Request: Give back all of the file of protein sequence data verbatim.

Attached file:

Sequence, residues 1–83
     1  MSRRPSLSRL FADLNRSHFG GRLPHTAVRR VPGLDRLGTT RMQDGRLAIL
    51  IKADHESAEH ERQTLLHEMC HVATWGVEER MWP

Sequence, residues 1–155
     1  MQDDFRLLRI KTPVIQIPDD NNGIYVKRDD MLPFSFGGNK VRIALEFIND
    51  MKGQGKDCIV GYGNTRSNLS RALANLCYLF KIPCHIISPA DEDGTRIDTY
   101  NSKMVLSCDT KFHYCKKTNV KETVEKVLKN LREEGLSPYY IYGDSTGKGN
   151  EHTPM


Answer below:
Sequence, residues 1–83
     1  MSRRPSLSRL FADLNRSHFG GRLPHTAVRR VPGLDRLGTT RMQDGRLAIL
    51  IKADHESAEH ERQTLLHEMC HVATWGVEER MWP

Sequence, residues 1–155
     1  MQDDFRLLRI KTPVIQIPDD NNGIYVKRDD MLPFSFGGNK VRIALEFIND
    51  MKGQGKDCIV GYGNTRSNLS RALANLCYLF KIPCHIISPA DEDGTRIDTY
   101  NSKMVLSCDT KFHYCKKTNV KETVEKVLKN LREEGLSPYY IYGDSTGKGN
   151  EHTPM